Work in Progress

Most of my recent work evolves from interactions that I have at home with my wife Melinda and our two daughters, Lucy and Tallula, or from conversations with colleagues and students from school.  These days it can often take time for ideas, snippets and experiments to germinate and evolve into completed artwork or often the artwork itself becomes an ongoing open-ended 'project'.    

 French Invasion: Real-time Projection Mapping

Currently teaching myself projection mapping using two free options, both developed in France. VPT7 is a comprehensive open source solution, and HeavyM is VJing software currently in beta testing.  Images above are from some quick tests of HeavyM, projecting a video loop simultaneously onto a 3D fabric cone and 2 screen frames I had lying around.  HeavyM is much more limited in its capabilities, but easy to implement and change in real time. It took me less than ten minutes to get the three frames mapped with pretty good accuracy, however it doesn't allow for multiple projectors, multiple video loops to play simultaneously, smooth curve masking or warped mesh projections. I'm looking for alternatives to Madmapper (also French!), quickly becoming a standard especially among VJs because it falls somewhere between these two in terms of capability and ease of use.  Madmapper is prohibitively expensive at around 300 Euros+VAT for a two computer license.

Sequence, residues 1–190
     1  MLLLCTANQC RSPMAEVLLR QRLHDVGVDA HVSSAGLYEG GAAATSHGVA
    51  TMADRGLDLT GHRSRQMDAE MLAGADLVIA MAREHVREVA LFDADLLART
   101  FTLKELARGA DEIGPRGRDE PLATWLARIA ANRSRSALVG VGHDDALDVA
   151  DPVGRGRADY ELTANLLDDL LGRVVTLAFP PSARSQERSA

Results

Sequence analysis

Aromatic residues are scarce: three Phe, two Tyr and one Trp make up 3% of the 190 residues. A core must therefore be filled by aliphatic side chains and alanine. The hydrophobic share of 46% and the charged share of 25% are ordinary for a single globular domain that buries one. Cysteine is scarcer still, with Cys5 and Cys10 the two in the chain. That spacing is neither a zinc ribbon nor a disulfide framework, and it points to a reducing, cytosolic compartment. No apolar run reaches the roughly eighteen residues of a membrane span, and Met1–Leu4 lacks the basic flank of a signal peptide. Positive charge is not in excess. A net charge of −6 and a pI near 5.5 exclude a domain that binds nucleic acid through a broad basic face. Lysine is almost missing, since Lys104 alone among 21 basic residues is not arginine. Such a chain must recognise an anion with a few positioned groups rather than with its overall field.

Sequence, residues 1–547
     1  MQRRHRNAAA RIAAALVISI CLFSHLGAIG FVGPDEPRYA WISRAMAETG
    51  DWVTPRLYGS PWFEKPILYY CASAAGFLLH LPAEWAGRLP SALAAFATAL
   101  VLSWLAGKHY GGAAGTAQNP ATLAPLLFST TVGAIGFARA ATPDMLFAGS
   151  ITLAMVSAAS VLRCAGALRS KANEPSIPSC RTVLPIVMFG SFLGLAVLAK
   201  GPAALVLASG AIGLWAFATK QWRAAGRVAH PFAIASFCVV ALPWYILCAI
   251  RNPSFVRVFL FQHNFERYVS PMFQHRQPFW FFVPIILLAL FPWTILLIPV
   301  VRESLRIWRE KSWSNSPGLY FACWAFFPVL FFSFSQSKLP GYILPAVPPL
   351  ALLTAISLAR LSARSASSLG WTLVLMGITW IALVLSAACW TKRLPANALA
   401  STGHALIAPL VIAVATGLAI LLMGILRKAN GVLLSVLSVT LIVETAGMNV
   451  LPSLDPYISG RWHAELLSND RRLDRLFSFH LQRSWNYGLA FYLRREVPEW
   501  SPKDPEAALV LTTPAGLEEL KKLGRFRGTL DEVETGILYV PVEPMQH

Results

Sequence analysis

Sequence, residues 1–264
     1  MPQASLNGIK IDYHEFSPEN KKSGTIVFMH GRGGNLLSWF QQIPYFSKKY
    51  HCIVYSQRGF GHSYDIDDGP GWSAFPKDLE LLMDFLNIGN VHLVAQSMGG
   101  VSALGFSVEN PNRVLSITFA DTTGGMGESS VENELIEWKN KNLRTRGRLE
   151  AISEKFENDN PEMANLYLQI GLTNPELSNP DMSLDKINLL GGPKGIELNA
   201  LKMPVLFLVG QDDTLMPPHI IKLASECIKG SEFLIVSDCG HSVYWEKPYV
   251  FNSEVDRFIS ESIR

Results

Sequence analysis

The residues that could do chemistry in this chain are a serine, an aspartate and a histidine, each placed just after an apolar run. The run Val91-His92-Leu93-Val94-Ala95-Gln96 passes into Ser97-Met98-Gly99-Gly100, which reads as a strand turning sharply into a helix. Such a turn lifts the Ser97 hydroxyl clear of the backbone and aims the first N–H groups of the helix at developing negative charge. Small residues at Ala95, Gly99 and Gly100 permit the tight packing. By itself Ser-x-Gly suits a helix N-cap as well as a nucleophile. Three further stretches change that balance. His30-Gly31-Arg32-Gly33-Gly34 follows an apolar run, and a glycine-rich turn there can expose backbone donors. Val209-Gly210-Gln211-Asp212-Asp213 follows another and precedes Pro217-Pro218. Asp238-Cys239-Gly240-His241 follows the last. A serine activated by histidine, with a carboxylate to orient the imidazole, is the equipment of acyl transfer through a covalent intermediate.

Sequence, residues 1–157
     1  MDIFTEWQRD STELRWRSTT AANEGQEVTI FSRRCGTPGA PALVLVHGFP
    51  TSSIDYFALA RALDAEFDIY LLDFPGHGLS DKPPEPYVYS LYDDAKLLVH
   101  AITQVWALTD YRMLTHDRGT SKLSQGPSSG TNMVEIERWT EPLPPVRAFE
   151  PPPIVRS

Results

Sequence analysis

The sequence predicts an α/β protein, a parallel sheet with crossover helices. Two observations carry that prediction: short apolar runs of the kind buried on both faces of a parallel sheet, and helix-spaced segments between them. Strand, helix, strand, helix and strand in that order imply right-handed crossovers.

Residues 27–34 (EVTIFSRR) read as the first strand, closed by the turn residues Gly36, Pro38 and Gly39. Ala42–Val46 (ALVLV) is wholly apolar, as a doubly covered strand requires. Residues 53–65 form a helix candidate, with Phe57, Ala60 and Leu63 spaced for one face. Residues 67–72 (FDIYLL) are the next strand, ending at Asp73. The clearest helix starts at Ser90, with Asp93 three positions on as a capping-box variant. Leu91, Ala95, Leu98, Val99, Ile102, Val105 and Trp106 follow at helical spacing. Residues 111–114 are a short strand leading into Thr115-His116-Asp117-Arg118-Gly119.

Slap and Tickle Booth 

A design that started as a portable viewing booth for Slap and Tickle to make it a monitor-based piece rather than a projection piece. This maintains an ideal viewing distance that fills your visual field while replicating interpersonal distance from the screen.  It also has the additional benefits of permitting me to show the video in a format that  takes advantage of its high resolution, adds a level of intimacy, and makes the video something you have to investigate and engage with rather than watch from a distance.  I'm now thinking of reworking this as a new piece, more as a surveillance booth with the addition of a camera and networking it with other booths in a space so that you watch and are watched, a mix of live video feed and single channel or picture in a picture.